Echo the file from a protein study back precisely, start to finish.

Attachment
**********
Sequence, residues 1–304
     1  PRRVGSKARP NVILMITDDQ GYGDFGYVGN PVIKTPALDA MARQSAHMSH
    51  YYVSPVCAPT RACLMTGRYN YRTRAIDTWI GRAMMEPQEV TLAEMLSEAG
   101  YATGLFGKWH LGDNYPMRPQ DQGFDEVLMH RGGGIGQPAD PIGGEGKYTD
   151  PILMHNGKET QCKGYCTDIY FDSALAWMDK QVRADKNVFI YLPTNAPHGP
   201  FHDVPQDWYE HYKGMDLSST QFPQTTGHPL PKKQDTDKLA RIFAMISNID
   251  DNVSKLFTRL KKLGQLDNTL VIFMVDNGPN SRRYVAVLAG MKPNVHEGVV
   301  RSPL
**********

Sequence, residues 1–304
     1  PRRVGSKARP NVILMITDDQ GYGDFGYVGN PVIKTPALDA MARQSAHMSH
    51  YYVSPVCAPT RACLMTGRYN YRTRAIDTWI GRAMMEPQEV TLAEMLSEAG
   101  YATGLFGKWH LGDNYPMRPQ DQGFDEVLMH RGGGIGQPAD PIGGEGKYTD
   151  PILMHNGKET QCKGYCTDIY FDSALAWMDK QVRADKNVFI YLPTNAPHGP
   201  FHDVPQDWYE HYKGMDLSST QFPQTTGHPL PKKQDTDKLA RIFAMISNID
   251  DNVSKLFTRL KKLGQLDNTL VIFMVDNGPN SRRYVAVLAG MKPNVHEGVV
   301  RSPL